Our post today is written by Julia Schmidt. You can find Julia at home in Gardena teaching her children, or praying on the bathroom floor, or teaching piano lessons, or writing about all the fun things her kids are up to. Sometimes you’ll find her leading worship at women’s ministry events, speaking at MOPS or her blog http://juliainca.blogspot.com/. She was a contributor to our 2010 Reading Guide and can’t seem to stop writing these wonderful reflections of how she is experiencing God transform her heart and mind. Enjoy.
Today I read the last four chapters of Job, following the reading plan and devotional book from King’s Harbor Church. The devotional said:
“In courtroom language, Job brings a case before God, alleging that his suffering is unjust. In order to reasonably challenge God’s justice, the challenger needs to have all relevant facts. But Job really only has access to his own reality.”
I forget that fact very quickly, not just with God but also in relation to other people. I think forgiveness would come much easier if I would remember that there is always another side to each story and that people, especially those close to me, rarely do things that harm me purely out of spite or meanness. It’s natural to be angry toward someone who is downright selfish and spiteful. It’s hard to forgive someone whose actions are consistently mean-spirited. But the thing is, whenever I have come across that type of person, I have given them a wide berth. I don’t invite them into my inner circle of loved ones. Why, then, do I react to my loved ones as if that were their personality? I think it has more to do with my need to hold on to anger (which is easier than forgiving) and even more, with my pride, which stands in open-mouthed amazement that someone would have the audacity to hurt, slight or inconvenience the Great and Mighty Me.
This morning in prayer (and let’s be honest—that implies a holy and wonderful quiet time, but that wasn’t what it was. It was a half-awake, grumpy challenge I threw at God while I was trying to roll out of bed), I asked the Lord to show me the reality of the situation with someone I am having a hard time forgiving. I’m not sure what I hoped I would gain from that prayer, because the reason I’m having a hard time forgiving is that the Lord has already shown me the reality of the situation. In particular, He showed me why this person continually does the things that hurt me, and why I can’t expect the behavior will stop if I simply point it out. So maybe it wasn’t really reality I was looking for. Maybe it was just affirmation that “Yes, this situation stinks, and no, you can’t do anything about it.”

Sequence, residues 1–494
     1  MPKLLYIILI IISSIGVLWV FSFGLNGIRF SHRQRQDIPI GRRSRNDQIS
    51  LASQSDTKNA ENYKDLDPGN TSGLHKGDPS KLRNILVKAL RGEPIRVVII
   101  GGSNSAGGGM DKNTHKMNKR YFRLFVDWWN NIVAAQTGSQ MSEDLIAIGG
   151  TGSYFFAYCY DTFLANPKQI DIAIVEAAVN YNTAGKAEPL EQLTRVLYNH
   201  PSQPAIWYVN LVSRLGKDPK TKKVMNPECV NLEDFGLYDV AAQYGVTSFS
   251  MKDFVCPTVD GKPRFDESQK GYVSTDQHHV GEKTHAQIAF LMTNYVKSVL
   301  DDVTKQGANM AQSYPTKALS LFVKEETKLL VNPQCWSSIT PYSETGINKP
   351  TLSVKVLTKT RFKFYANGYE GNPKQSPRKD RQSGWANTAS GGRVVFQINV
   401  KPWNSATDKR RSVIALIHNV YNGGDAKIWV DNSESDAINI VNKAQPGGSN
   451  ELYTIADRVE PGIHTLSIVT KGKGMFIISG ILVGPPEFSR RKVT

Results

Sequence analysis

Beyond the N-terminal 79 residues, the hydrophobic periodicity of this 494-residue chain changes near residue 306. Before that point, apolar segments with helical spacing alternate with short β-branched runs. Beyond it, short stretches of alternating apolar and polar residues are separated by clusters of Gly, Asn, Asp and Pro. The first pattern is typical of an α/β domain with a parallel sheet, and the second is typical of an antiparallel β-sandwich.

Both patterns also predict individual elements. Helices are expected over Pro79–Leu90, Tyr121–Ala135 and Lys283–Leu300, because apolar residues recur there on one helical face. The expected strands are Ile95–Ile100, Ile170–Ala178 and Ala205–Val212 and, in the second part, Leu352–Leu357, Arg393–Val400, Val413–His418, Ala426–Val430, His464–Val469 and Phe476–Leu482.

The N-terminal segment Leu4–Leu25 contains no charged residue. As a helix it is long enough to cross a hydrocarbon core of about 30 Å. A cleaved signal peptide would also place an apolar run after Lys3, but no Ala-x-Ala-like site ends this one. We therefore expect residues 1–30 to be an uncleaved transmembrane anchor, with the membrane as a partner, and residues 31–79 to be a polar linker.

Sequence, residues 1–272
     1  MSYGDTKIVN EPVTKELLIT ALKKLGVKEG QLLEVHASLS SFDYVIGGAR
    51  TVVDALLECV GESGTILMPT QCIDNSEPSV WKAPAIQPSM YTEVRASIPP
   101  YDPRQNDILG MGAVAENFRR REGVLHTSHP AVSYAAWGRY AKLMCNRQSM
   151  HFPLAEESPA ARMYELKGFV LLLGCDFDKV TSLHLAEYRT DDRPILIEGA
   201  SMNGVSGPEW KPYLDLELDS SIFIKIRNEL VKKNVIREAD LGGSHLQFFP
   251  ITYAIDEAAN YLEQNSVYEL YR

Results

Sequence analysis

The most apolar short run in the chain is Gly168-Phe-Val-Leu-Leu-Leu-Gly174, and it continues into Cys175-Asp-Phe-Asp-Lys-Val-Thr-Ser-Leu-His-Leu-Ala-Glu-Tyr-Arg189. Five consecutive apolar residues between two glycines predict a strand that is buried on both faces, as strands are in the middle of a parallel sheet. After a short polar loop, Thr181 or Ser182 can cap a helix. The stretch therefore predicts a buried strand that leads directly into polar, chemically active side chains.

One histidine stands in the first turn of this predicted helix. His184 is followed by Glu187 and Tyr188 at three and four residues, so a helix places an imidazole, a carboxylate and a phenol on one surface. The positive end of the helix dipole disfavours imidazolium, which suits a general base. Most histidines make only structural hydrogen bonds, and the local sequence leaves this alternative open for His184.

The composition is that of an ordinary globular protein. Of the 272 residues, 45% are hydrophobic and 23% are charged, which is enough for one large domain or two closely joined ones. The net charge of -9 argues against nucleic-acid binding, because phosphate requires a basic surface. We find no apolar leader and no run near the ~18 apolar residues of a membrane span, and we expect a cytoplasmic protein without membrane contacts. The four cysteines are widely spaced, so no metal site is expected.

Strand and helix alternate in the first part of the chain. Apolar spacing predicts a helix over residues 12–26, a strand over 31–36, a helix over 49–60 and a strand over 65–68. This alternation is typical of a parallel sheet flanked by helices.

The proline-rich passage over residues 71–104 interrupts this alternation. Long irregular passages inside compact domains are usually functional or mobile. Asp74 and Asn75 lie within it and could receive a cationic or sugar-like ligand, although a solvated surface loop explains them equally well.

Because that’s pretty much what the Lord whispered to me while I was reading Job. And then He added, “But you still have to forgive. That’s what forgiveness is. It’s saying ‘It’s not okay, but I’m letting it go anyway.’ And then you trust ME to protect and provide for the future. You don’t then build a wall to insulate yourself from the person.”
That is the hardest part. Plunging into the waters of relationship knowing that they are icy cold. That is the challenge of love – not to just love those who are easy, who give to me without demanding much back, but to go the distance with someone I have pledged to go the distance with, even through icy cold waters. Even knowing they will let me down, disappoint me, forget to prefer me and get so caught up in their own worries that they don’t even notice mine. That is the human condition. That is what I expect grace for from others – why do I react so strongly when I come across someone to whom I must extend the same grace?
I forget that I am not the only Great and Mighty Me. I forget that in order to be great in God’s kingdom, I must become a servant of all, that I must consider others better than myself and look out not only for my own interests but for the interests of others. We can’t function in loving relationship if we are all Great and Mighty Me’s strutting around with our noses in the air, bumping into each other and getting offended. Someone has to drop the crown, gird up for action and start washing feet. I can’t worry about whether I will be the only one doing that and how unfair it is to me. I can’t wait for others to obey God first – my obedience needs to spring from my own heart. I can’t make others obey – I can only see to it that I am obeying.
In fact, rather than feeling put-upon by the “terrible sin” of those around me (which generally is no worse than my own), I should look at the situation with joy, rejoicing that I have this opportunity to obey God and serve others, regardless of how disobedient they are and regardless of whether or not they deserve to be served. Because none of us do. But I can be the one to start. And when I do, that is when God can come into the reality that I only half understand and start changing it to align with His Kingdom, and that is when the life-changing miracles will start to happen.
How sad would it be if I held onto my unforgiveness and refused to let the miracle start, simply because it wasn’t “fair” that I had been hurt in the first place?
Someone has to drop the crown…